By K.C. Belitz
Today, we’ll talk about two fairly different ways that philanthropy is going to be engaging in community work in our area and around Nebraska.
First up is a topic that seems timely given the weather over the weekend. Two funds at Nebraska Community Foundation that were set up for flood recovery have released a joint pre-application and are looking to put some of those funds to work in Nebraska counties to push forward recovery from spring or summer floods.
The Rebuild the Heartland Community Fund and Nebraska Flood Recovery Fund, both affiliated funds of Nebraska Community Foundation, have created a joint pre-application form for communities seeking funding for flood relief and recovery efforts. I’m excited to say that these funds have been able to agree on this pre-app, because it opens up the resources of both funds with just one piece of paper to be completed.
These funds both have to live with the typical restrictions for charitable dollars. That means, in simple terms, grants will be awarded to 501(c)(3) charitable organizations and local government authorities. For these grants, they’ll be targeted to those located in or serving a “flood-impacted community.” That will be defined as a county that has received a federal disaster designation and we have several in our region.
The two funds have agreed on some general target areas. Grants from either fund may support projects that set out to do the following:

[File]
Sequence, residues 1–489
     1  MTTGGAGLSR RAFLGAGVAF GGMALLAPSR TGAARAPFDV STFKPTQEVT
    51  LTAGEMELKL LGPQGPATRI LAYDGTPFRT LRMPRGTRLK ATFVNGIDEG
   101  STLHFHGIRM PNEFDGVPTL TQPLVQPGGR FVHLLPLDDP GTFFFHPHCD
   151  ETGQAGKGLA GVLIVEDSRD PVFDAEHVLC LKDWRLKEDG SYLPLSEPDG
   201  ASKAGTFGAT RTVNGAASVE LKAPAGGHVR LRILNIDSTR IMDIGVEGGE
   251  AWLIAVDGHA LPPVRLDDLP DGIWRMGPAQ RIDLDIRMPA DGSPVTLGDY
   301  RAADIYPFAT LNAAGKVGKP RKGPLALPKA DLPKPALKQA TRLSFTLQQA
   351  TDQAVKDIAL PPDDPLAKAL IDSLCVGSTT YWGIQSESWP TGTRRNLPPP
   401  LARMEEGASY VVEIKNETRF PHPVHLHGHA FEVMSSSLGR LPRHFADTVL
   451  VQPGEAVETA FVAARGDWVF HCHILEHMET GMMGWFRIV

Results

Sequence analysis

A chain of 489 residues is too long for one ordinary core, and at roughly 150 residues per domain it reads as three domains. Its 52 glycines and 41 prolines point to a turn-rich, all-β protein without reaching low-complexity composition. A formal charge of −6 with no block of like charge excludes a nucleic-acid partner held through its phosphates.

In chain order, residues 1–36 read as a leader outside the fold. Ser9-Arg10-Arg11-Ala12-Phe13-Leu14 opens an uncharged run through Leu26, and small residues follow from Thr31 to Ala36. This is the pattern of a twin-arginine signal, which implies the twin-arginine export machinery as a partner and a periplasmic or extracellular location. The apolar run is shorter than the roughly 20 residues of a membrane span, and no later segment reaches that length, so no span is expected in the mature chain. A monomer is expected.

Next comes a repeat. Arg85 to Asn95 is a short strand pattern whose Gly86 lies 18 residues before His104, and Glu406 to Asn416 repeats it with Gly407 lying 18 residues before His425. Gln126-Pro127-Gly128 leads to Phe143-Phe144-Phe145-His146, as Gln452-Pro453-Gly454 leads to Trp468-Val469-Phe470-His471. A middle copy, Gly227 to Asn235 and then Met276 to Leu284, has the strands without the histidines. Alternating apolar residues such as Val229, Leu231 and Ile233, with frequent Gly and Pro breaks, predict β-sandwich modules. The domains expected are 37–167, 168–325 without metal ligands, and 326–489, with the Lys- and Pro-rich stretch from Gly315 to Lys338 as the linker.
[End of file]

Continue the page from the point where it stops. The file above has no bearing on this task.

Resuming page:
- Community redevelopment and rebuilding more resilient communities
- Housing construction, rehabilitation, and related infrastructure
- Support for small business and agriculture
- Addressing and improving health and human services needs, including mental health
As you can see, there is a fairly wide variety of flood impacts that these funds can address. Any of the local NCF affiliates would welcome a contact from anyone who is interested in learning more and I’m happy to help as well.
The other connecting point between community work and philanthropy that I’ve run across in the past week is with Keep Nebraska Beautiful and its local affiliates. I had the chance to speak with the KNB network last week about how local philanthropy could connect with their work. I think this is just another great example of the gaps and/or opportunities in community work that can be addressed through local philanthropy. As KNB affiliates have seen public monies become more constrained, they are wisely looking for other sources for stable funding and at the local level, these community-based funds could step into that void.
It is precisely that flexibility that creates such value for a place with a local affiliated fund. Whether flood recovery or environmental education and recycling, funds are needed if the work is going to get done. When you consider just these two examples that have arisen in the past week, you can see the variety of opportunities that can now be addressed in Platte, Boone and Butler counties as a result of having these funds in our places.